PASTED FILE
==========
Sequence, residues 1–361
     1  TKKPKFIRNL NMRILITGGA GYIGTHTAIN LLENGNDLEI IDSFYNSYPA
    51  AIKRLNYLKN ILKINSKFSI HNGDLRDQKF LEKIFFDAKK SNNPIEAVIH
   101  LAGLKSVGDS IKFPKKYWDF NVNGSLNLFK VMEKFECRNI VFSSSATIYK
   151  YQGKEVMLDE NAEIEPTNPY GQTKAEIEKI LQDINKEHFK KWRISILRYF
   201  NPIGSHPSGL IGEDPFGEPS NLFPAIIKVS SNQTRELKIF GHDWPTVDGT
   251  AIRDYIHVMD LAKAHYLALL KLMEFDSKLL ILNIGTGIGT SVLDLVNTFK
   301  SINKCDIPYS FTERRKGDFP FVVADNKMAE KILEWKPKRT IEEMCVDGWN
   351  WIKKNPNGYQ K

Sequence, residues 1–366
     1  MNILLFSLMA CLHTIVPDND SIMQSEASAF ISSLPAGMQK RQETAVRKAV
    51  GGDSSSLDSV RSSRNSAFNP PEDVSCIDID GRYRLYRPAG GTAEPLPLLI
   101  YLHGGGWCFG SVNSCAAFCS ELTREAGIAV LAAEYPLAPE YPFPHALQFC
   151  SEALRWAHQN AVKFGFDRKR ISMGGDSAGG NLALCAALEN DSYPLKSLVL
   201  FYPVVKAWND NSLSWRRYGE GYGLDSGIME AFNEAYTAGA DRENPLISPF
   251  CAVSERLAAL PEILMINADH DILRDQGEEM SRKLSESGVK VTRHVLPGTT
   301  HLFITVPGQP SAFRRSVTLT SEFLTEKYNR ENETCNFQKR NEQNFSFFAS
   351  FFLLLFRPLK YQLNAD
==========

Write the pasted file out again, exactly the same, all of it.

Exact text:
Sequence, residues 1–361
     1  TKKPKFIRNL NMRILITGGA GYIGTHTAIN LLENGNDLEI IDSFYNSYPA
    51  AIKRLNYLKN ILKINSKFSI HNGDLRDQKF LEKIFFDAKK SNNPIEAVIH
   101  LAGLKSVGDS IKFPKKYWDF NVNGSLNLFK VMEKFECRNI VFSSSATIYK
   151  YQGKEVMLDE NAEIEPTNPY GQTKAEIEKI LQDINKEHFK KWRISILRYF
   201  NPIGSHPSGL IGEDPFGEPS NLFPAIIKVS SNQTRELKIF GHDWPTVDGT
   251  AIRDYIHVMD LAKAHYLALL KLMEFDSKLL ILNIGTGIGT SVLDLVNTFK
   301  SINKCDIPYS FTERRKGDFP FVVADNKMAE KILEWKPKRT IEEMCVDGWN
   351  WIKKNPNGYQ K

Sequence, residues 1–366
     1  MNILLFSLMA CLHTIVPDND SIMQSEASAF ISSLPAGMQK RQETAVRKAV
    51  GGDSSSLDSV RSSRNSAFNP PEDVSCIDID GRYRLYRPAG GTAEPLPLLI
   101  YLHGGGWCFG SVNSCAAFCS ELTREAGIAV LAAEYPLAPE YPFPHALQFC
   151  SEALRWAHQN AVKFGFDRKR ISMGGDSAGG NLALCAALEN DSYPLKSLVL
   201  FYPVVKAWND NSLSWRRYGE GYGLDSGIME AFNEAYTAGA DRENPLISPF
   251  CAVSERLAAL PEILMINADH DILRDQGEEM SRKLSESGVK VTRHVLPGTT
   301  HLFITVPGQP SAFRRSVTLT SEFLTEKYNR ENETCNFQKR NEQNFSFFAS
   351  FFLLLFRPLK YQLNAD